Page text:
Bush Signs RMD, Pension Relief into Law

President George W. Bush on Tuesday signed into law a broad pension relief bill that includes a one-year moratorium on required minimum distribution (RMD) rules.

An Associated Press news report quoted Bush spokesman Tony Fratto as saying that the White House had concerns with the Worker, Retiree and Employer Recovery Act (H.R. 7327), including that it might cause workers to actually lose benefits in the long term. However, Fratto told reporters, officials decided the bill’s benefits outweighed its potential drawbacks given “this current economic environment” and Bush included it in a handful of bills (see here) approved Tuesday.

The measure suspends for 2009 the requirement that individuals 70 1/2 and older must withdraw a minimum amount from their 401(k) plans or IRAs and that those who do not are subject to a 50% penalty on the amount that should have been withdrawn.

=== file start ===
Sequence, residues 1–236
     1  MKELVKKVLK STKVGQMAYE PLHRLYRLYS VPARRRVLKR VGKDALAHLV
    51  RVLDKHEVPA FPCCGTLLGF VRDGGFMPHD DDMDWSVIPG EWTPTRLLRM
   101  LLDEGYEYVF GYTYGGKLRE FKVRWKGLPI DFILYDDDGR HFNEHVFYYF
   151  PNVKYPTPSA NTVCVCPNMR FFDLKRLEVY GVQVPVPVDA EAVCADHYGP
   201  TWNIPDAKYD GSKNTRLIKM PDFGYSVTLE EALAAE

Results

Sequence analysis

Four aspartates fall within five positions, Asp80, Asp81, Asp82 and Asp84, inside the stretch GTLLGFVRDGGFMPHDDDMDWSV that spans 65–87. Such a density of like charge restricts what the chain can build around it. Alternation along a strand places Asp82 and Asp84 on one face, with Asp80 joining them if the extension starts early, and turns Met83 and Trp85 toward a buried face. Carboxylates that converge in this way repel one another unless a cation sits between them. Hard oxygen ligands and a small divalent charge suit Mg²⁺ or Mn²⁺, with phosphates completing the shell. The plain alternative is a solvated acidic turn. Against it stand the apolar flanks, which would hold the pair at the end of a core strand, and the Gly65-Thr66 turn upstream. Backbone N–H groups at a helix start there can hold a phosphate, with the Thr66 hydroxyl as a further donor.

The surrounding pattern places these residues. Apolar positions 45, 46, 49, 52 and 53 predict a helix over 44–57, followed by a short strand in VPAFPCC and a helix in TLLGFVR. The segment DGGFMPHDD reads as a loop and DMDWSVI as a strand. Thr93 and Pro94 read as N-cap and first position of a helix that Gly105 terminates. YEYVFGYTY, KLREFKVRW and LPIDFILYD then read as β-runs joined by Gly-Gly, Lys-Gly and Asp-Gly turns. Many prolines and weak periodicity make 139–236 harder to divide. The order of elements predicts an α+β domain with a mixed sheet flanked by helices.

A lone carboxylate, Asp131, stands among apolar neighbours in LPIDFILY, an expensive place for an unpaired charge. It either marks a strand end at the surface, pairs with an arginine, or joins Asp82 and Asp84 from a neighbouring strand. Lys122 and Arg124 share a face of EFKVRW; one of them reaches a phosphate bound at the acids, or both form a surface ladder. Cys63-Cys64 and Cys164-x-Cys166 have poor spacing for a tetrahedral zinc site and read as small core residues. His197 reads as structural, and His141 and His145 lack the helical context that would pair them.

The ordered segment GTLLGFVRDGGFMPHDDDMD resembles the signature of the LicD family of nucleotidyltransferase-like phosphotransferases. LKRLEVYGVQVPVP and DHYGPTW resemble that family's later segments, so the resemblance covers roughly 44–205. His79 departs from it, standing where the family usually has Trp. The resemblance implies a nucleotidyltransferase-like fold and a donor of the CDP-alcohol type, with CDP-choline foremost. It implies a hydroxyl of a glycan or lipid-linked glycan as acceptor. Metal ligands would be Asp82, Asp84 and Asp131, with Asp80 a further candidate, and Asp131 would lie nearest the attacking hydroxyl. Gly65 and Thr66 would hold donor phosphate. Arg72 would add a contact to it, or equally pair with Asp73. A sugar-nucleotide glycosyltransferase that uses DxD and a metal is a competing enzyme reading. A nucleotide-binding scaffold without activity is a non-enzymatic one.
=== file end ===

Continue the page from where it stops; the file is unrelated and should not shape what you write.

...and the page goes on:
A growing chorus of lawmakers and retirement industry trade groups complained that the economic downturn was putting older Americans in the position of having to sell assets into a down market. That had the potential to seriously diminish the retirement nest egg for many who would have been affected by the long-standing RMD rules.

In addition to the RMD provisions, (see “House Passes Pension, RMD Relief“), the bill eases defined benefit plan funding requirements, allowing them more time to meet those requirements (see “RMD Bill Includes PPA Technical Corrections“). The bill also offers relief to multi-employer plans.

Retirement industry trade groups argued that more companies may have to freeze pension plans, lay off workers, or even go bankrupt without the bill’s relief.

Congress approved the bill this month in one of its final acts of the year.

While the bill signed into law Tuesday offers 2009 RMD relief, the U.S. Treasury Department resisted calls to implement necessary rules to offer similar help for 2008 (see “RMDs Still Required in 2008“).